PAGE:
Tuesday, 17 May, 2022

thenewnigerian

A Doctor in My Country


A DOCTOR IN MY COUNTRY

The lyrics of the song have stayed. After all these years, they have stayed. The song was the delight of school children who sang it with such vibrancy, their happy laughter echoing. To many of them, it was just a song with a melodious tune, which brought colour to their childhood games. But not all of them dismissed it in so casual a manner.

One little boy sang the song and its meaning sunk into his brain. It registered there and carved a pathway for his career. That boy, now a professional in his field, acted out the lyrics of the song and became a blessing to the people around him.

This little boy of old, now addressed as Dr. Benjamin Oluwatosin Olowojebutu, spoke to TNN (The New Nigerian) online publication, through a podcast, about his lofty dreams. He introduced himself as the executive director and founder of BOF (Benjamin Olowojebutu Foundation), which was set up to use medical skills and resources to take healthcare to indigent people in the unreached parts of Nigeria and Africa.

He started the foundation after he had an accident. A drunken driver crashed his car and he broke his leg in three places. At the hospital, he was left on the floor for five hours, to die. As he struggled to live, God told him to turn his pain to passion. He obeyed and started the foundation, which is based on the positive quality of love. Benjamin believes that love is the greatest quality anyone can spend and money is just a perception.

He spoke of his family background, where he is the first child of his parents. They had difficulty having kids and went to a mountain in Akure, where they lived, to pray. God answered them and he was born, that’s why he was named Oluwatosin – God is worthy to be worshiped. Benjamin described his parents as godly people. His dad taught him to show love to people and make a positive impact on his community. His mum made him solve 15 math’s questions every day, to make him an excellent student. From both parents, he learned the value of hard work and how to avoid taking shortcuts. The focal point of his life became knowledge and hard work.

These values trailed him from his early years of education and continued when he went to the University of Lagos to study medicine and surgery. The values made more meaning to him after he graduated. He learned how to love the medical profession, before money. He realized that the nobility of the profession should come before money because that quality will affect how skills are deployed for medical issues.

He realized the value of these qualities when he had that accident. He was abandoned on the floor and the nurses there told him there was no bed, so they could not admit him. His wife sent a message to the WhatsApp group of his classmates and they swung into action, to save his life.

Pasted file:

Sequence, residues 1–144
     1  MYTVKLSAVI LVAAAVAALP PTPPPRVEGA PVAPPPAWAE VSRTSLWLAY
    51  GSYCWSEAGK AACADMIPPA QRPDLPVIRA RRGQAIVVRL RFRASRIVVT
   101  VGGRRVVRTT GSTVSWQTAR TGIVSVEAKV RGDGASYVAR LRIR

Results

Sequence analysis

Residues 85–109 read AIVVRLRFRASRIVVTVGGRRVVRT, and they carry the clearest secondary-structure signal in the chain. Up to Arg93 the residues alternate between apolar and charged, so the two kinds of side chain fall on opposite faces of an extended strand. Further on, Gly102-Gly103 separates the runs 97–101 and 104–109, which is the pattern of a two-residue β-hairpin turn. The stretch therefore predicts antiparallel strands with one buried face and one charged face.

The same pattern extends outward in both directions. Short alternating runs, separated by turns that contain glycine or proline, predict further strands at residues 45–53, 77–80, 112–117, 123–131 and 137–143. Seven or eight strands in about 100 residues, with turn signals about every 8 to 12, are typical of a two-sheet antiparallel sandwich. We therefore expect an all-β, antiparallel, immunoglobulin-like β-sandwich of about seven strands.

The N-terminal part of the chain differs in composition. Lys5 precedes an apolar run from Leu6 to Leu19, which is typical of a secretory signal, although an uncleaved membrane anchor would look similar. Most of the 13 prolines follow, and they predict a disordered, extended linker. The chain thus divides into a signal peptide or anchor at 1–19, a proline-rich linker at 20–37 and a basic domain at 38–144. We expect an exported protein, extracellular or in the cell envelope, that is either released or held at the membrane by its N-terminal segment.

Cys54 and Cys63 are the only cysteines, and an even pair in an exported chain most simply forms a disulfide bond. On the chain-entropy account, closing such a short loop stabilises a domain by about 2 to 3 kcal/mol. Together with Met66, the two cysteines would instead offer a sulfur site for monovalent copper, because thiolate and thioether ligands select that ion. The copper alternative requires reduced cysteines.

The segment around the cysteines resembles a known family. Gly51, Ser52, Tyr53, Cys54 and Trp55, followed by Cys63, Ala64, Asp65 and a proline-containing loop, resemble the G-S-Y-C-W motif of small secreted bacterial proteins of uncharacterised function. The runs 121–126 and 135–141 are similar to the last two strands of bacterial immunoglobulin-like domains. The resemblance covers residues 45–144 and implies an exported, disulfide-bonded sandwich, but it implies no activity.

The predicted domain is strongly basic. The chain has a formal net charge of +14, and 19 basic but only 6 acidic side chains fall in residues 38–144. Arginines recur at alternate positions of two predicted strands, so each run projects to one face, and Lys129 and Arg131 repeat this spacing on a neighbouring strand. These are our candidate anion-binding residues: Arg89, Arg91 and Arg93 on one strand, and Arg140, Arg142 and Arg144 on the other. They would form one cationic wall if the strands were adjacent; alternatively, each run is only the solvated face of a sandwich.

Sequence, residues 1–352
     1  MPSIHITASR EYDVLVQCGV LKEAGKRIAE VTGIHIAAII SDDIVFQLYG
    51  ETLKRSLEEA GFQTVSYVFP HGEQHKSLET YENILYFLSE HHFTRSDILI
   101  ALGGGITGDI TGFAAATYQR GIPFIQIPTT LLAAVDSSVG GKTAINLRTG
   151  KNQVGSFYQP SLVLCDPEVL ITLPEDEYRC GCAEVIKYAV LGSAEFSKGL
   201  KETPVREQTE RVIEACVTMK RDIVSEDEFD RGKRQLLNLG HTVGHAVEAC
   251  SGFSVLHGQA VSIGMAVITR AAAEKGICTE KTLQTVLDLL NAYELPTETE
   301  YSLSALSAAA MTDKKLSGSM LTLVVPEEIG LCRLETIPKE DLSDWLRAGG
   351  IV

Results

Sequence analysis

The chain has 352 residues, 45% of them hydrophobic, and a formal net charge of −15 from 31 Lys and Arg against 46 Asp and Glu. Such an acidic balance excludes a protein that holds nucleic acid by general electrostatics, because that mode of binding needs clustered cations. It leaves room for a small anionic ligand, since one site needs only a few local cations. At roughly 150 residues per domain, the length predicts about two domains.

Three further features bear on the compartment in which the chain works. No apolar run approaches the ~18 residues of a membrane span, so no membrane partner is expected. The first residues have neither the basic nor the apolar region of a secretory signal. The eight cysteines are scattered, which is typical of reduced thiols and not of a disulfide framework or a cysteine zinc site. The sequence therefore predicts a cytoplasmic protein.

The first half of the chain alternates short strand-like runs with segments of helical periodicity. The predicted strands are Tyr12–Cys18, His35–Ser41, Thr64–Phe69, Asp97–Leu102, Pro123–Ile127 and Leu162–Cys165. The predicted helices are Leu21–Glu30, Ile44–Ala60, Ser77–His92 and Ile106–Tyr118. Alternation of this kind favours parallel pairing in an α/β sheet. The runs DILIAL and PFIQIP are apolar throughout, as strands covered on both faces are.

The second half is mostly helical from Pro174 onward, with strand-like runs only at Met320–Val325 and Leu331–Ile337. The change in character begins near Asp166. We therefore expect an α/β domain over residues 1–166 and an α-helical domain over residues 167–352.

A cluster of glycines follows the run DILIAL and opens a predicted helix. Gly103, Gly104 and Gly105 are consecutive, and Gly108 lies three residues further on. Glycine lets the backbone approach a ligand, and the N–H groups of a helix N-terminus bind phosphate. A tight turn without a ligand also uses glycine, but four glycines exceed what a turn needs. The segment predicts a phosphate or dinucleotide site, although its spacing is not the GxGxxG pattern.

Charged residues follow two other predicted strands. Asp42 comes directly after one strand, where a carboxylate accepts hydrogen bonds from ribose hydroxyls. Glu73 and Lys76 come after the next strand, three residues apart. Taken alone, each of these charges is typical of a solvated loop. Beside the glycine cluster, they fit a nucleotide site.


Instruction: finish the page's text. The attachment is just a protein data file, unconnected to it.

Dr Benjamin saw the deficiencies of the Nigerian Healthcare Sector and decided to dedicate his life to helping as many sick people as he could. He went to many places in the country and was shocked by what he saw. Some communities have not seen doctors in years; some villages have no doctor, nurse or midwife there. He met women who had fibroids for 25 years and were just waiting to die as well as communities that are far away from the main town and have no access to healthcare.

The sight of so many women who had fibroids made him decide to focus more on performing the surgeries. Dr Benjamin described fibroids as non-cancerous benign tumors that grow in the womb of women and can grow to the size of four basketballs, making some women look like they are carrying four kids. The tumours cannot spread to other parts of the body but can cause problems. If a fibroid rest on the urethra, which connects the kidney to the bladder, it blocks urine from coming down to the bladder, and urine stays up in the kidney, because of the big mass of fibroid blocking it. It’s predominantly found in black people –Africans, Black Americans, Black Hispanic. No one knows why, and it is a major cause of infertility and miscarriage. He lamented the fact that education about fibroid is limited. Most people rely on social media information, which may not always be correct. Fear and lack of funds are two major problems of women with fibroids. Fear that they might die during or after the surgery, and lack of funds, to pay for the surgery.